The U.S. healthcare industry could use a good shaking up, a healthcare executive said here Tuesday.
"I think our industry is so screwed up and it's ripe to be disrupted," David Feinberg, MD, MBA, president and CEO of Geisinger Health System in Danville, Pa., said at a conference sponsored by the Duke Margolis Center for Health Policy and the consulting firm McKinsey & Co. "Either we do it or some Stanford dropout in a black turtleneck is going to."
"Can we take care of people in a way that's dignified, that's culturally sensitive?" he asked. "Can they afford it? Is it easy to get? Is it something you want for your own family? Let's focus on high value, great experience, and low costs."
On the other hand, many of the problems with the healthcare system today are really public health problems and aren't something that private insurers can readily fix, said J. Mario Molina, MD, president and CEO of Molina Healthcare, a managed healthcare company based in Long Beach, Calif. "Obesity is not something you're going to cure; it's a public health issue. ... We really can't expect health plans to [take care of] that."
"We try to do something about obesity, but it's really difficult from a health plan, medical model," he continued. "We're really good at covering acute illnesses or managing chronic ones [but for conditions like obesity] it doesn't work well. We need to invest more in public health; if we did that, we wouldn't invest as much in healthcare per se."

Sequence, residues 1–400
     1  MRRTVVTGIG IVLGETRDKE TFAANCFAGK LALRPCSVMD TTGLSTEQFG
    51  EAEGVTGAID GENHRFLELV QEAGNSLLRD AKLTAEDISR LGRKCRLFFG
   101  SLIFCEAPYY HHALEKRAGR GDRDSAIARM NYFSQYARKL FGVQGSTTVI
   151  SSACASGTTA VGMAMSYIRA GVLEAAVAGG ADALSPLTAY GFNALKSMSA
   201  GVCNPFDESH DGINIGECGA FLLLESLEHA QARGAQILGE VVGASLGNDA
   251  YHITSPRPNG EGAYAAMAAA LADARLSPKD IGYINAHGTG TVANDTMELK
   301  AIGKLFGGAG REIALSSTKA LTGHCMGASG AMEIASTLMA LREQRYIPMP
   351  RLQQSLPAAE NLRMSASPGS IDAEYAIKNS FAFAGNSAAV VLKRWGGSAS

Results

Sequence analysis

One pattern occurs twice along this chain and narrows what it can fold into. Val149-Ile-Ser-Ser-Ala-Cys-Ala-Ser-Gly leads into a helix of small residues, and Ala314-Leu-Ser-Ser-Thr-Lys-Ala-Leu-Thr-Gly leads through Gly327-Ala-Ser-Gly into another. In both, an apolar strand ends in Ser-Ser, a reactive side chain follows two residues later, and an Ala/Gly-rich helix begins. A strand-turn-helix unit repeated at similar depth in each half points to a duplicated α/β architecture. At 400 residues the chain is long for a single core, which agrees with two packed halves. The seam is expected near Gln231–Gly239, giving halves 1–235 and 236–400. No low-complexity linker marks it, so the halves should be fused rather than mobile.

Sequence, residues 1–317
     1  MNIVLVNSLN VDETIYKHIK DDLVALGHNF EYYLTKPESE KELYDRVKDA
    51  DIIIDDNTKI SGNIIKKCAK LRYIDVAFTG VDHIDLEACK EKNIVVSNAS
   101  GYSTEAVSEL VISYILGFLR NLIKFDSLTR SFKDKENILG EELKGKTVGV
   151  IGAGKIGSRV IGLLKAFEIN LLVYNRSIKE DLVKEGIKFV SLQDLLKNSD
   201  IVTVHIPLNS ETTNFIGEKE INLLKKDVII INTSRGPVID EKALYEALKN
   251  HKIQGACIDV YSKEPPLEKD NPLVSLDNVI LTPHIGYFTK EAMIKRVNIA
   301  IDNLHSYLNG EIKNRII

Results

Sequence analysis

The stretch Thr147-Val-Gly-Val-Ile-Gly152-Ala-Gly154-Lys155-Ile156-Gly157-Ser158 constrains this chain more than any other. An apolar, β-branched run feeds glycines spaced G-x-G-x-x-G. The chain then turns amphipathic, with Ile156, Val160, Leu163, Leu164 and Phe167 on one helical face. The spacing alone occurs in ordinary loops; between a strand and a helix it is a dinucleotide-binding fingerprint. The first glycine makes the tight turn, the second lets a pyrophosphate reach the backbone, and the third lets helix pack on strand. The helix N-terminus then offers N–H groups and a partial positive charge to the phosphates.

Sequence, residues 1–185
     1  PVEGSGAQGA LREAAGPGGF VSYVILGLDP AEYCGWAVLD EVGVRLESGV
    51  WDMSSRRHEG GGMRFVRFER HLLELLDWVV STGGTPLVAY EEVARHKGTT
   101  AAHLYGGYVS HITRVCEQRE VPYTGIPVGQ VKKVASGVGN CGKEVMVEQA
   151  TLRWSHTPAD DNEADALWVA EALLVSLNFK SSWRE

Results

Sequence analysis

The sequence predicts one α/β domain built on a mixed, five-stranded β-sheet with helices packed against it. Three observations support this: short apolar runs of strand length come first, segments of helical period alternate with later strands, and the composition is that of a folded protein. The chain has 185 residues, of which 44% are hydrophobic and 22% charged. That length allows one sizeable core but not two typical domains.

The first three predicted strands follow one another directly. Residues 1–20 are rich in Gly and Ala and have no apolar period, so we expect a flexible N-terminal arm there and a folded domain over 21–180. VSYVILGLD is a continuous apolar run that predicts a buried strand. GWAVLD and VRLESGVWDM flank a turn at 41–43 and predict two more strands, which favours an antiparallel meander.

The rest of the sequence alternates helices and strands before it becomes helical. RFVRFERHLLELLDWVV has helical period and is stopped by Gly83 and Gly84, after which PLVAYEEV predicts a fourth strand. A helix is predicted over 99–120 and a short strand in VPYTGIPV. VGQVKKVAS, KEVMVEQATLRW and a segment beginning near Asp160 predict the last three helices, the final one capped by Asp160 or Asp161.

But Feinberg disagreed: For example, "We take diabetics who are food insecure and say, 'Here's food for the whole week for you and your family' -- every week. We've seen decreases in hemoglobin A1c in every single patient, decreases in weight, decreases in blood pressure ... if this was a pill it would be a miraculous pill. We've had patients we had spent $220,000 in 4 years before we started giving them food; in the year they've been in the program, our medical cost is $1,200. Hippocrates talked about food as medicine a long time ago; I think we've lost our way."
Sometimes solving healthcare problems calls for breaking the rules, he continued. "When I got to Geisinger a couple of years ago, there were providers we were spending $500,000 a year on for visits, and the only thing they did was prescribe opiates. They weren't even in our network." But when Feinberg wanted to stop using them as providers, he was told he couldn't cut them off without going through a laborious process to do so.